Judge Andrews first found that defendants failed to demonstrate actual reduction to practice before June 17, 1993. Id. at 1-2. Defendants contended that actual reduction to practice was demonstrated via computer simulation. Id. Judge Andrews held, however, that “a computer simulation is not sufficient in order to show an actual reduction to practice. In order to establish an actual reduction to practice, there must be a physical embodiment.” Id. at 2. Judge Andrews also found that defendants failed to show a diligent pursuit of a constructive reduction to practice. Id. at 3. Defendants relied on the inventor’s deposition testimony which indicated that it took “at a minimum, two to four months to draft an application.” Id. Judge Andrews found that “[a]s a matter of law, this is not sufficient to establish two and a half months of diligence.” Id.

Continue reading "Judge Andrews grants plaintiff’s motion for partial summary judgment on patent's validity " »

October 21, 2013

Judge Andrews claim construction opinion

Judge Richard G. Andrews recently issued an opinion construing disputed terms of U.S. Patent No. 6,128,617, entitled “Data display software with actions and link integrated with information.” Select Retrieval LLC v. Amerimark Direct LLC, et al., C.A. No. 11-812-RGA (D. Del. Oct. 17, 2013). Judge Andrews construed:

“integrated active information documents," id. at 3-4;

“plural successive integrated active information documents,” id. at 4;

“action control elements,” id. at 5-6;

“action control element selection,” id. at 6;

“plural nodes at plural levels,” id. at 7-9.

Judge Andrews concluded that the term “rendering” should be given its plain and ordinary meaning, thus no construction was necessary. Id. at 7. Finally, Judge Andrews did not construe the disputed terms “a database record having plural fields,” “database,” and “database query,” explaining that “[t]he construction of these terms, if needed, will be decided at a later date.” Id.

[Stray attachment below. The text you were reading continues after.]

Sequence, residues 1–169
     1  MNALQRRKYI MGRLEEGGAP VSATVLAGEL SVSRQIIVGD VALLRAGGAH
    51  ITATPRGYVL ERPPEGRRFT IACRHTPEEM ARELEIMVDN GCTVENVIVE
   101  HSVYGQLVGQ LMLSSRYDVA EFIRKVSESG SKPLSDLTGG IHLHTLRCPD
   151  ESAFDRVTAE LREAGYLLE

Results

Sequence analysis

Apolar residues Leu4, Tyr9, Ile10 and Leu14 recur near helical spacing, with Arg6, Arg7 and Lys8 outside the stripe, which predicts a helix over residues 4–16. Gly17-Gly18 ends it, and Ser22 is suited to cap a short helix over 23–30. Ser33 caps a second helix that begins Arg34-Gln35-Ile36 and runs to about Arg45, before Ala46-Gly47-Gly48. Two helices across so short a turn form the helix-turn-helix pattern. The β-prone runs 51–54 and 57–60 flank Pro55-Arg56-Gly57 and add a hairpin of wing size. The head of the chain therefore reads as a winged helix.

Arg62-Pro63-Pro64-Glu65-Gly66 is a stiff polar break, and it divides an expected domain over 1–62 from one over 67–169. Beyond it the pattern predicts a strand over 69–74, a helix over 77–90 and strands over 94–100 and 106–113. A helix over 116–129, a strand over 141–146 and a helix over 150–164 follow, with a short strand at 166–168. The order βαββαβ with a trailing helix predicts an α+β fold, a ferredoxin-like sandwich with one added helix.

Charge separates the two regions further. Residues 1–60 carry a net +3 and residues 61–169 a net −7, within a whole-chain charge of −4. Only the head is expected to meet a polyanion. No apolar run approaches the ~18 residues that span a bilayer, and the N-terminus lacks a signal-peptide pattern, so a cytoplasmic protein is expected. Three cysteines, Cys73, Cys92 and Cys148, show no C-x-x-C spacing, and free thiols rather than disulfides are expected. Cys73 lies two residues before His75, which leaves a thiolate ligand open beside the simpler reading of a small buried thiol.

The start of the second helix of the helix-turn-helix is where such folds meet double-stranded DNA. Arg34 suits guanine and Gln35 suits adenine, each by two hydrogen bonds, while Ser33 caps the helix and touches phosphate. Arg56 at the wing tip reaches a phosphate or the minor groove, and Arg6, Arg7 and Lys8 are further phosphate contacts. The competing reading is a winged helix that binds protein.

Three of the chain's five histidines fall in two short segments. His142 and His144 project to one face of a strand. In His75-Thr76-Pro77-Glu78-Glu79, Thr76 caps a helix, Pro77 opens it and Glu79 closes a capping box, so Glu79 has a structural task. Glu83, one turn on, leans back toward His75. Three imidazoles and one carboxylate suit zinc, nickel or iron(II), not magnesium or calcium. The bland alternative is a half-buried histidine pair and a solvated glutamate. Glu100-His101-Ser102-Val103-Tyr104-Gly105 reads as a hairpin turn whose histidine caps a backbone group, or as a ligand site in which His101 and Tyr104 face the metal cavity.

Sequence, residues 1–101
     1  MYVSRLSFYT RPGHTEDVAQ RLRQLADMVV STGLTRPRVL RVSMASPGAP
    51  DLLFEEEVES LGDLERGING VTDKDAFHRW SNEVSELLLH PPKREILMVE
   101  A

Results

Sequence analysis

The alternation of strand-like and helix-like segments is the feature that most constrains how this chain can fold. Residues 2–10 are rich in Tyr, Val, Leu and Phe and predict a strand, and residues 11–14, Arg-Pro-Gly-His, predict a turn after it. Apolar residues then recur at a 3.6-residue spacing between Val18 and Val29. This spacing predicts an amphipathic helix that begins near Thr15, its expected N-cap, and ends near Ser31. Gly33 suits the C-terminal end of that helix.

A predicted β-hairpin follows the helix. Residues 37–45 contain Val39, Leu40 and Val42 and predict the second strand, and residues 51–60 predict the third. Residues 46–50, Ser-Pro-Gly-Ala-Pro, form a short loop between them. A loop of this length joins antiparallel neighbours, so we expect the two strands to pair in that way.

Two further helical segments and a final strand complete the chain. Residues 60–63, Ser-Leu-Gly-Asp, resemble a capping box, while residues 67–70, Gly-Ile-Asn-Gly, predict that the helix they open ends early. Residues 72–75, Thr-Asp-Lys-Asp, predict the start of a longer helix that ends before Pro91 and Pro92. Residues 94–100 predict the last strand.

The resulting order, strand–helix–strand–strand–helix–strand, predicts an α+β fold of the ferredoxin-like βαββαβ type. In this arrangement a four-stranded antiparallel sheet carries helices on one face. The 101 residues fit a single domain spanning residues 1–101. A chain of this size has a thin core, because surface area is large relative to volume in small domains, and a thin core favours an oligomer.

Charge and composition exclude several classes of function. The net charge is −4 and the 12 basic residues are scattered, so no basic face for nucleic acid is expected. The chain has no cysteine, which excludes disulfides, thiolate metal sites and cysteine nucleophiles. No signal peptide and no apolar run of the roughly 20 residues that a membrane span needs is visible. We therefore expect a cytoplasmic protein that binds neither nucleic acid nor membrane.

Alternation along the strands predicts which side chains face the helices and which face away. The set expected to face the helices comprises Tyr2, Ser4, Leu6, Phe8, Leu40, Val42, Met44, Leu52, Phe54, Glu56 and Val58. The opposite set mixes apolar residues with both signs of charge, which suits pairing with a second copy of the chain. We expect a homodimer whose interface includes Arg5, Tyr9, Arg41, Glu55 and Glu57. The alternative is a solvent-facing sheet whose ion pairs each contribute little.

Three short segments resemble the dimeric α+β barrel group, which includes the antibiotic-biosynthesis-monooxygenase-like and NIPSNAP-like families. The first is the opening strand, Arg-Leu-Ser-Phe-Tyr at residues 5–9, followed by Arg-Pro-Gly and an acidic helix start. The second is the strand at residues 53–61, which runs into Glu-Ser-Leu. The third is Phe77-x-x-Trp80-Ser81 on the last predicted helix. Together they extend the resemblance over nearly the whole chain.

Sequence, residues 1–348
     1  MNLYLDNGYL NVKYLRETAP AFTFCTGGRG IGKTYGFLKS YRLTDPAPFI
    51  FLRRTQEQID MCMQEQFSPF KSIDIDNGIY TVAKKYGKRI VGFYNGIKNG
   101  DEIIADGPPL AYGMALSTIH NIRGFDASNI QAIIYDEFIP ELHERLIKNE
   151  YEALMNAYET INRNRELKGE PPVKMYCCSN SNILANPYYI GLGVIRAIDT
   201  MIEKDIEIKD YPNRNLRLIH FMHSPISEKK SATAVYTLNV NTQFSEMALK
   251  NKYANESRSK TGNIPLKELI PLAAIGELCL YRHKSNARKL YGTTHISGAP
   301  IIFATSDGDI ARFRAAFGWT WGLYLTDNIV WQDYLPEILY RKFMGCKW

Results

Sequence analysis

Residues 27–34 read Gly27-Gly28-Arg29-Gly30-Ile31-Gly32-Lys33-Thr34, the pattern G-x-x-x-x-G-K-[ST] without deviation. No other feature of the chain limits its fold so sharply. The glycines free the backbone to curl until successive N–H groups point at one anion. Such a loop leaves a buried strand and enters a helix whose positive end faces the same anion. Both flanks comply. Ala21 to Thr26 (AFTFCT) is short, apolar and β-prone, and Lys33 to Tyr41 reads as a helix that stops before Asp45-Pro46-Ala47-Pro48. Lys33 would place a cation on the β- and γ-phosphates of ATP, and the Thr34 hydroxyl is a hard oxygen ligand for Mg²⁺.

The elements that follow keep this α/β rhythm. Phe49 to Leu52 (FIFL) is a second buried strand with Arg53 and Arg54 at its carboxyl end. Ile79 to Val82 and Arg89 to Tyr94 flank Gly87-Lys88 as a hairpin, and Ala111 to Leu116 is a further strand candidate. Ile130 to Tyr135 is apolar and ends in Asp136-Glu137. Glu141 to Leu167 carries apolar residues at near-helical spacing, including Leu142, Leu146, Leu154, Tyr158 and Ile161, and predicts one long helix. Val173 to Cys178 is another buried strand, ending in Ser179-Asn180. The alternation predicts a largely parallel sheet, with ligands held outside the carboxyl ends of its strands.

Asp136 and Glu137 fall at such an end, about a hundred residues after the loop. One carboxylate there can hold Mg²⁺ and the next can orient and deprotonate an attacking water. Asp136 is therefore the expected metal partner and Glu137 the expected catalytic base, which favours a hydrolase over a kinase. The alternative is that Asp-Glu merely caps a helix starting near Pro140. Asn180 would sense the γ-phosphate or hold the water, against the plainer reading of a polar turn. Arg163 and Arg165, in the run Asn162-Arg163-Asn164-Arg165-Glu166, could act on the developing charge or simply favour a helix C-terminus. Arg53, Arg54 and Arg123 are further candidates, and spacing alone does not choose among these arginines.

UPDATE:

On March 14, 2014 Judge Andrews issued a continuation of the Court's October 17 Markman opinion and ordered the parties to submit a proposed order "suitable for submission to the jury." Select Retrieval LLC v. Amerimark Direct LLC, et al., C.A. No. 11-812-RGA (D. Del. Mar. 14, 2014). The Court construed:

"database"
"database query"

The Court did not construed the phrase "a database record having plural fields," proposed by defendants because the Court found that the phrase found in the preamble did not limit the claim. Id. at 4.

The Court also did not construe "whereby the information in subsequent ones of the successive integrated active information documents corresponds to control element selections made from preceding ones of the integrated active information documents." Judge Andrews rejected defendants' argument that construction was necessary because the patentee disavowed claim scope during prosecution. Id. at 7.

Continue reading "Judge Andrews claim construction opinion" »

October 18, 2013

Judge Robinson precludes defendant from pursuing an anticipation defense for which its expert provided no opinion

Judge Robinson recently considered plaintiff Netgear's motion for summary judgment as to whether certain prior art references could qualify as prior art. Netgear, Inc. v. Ruckus Wireless, Inc., C.A. No. 10-999-SLR (Oct. 16, 2013). Defendant conceded that its expert had no opinion as to whether the references anticipated the patent in suit, but opposed Netgear's motion with five facts it claimed were disputed. Id. Judge Robinson was not persuaded, however, noting that "as far as the court can discern, defendant has offered no evidence on the issue of anticipation, only attorney argument." Id. at 1-2. In light of that, Judge Robinson declined to offer "what is essentially an advisory opinion" as to whether the disputed references were prior art. Id. at 2. Judge Robinson cautioned that "[t]he court has neither the time nor the resources to fill in the gaps of defendant's case, and declines to allow defendant to pursue its anticipation defense on the record it made (or, more accuately, failed to make) during expert discovery. Id.

Continue reading "Judge Robinson precludes defendant from pursuing an anticipation defense for which its expert provided no opinion" »

October 17, 2013

Special Master Redfearn Rules on Motions to Exclude Infringement and Invalidity Theories in Expert Reports

Special Master Redfearn recently considered cross motions to exclude the competing expert reports of the parties in Eon Corp. IP Holdings, LLC v. Flo TV, Inc., et al. The moving defendants, several mobile carriers and mobile technology companies, sought to exclude portions of an infringement expert report that discussed (1) doctrine of equivalents theories that had not previously been asserted in infringement contentions and (2) various third party applications that had not been previously disclosed as accused products.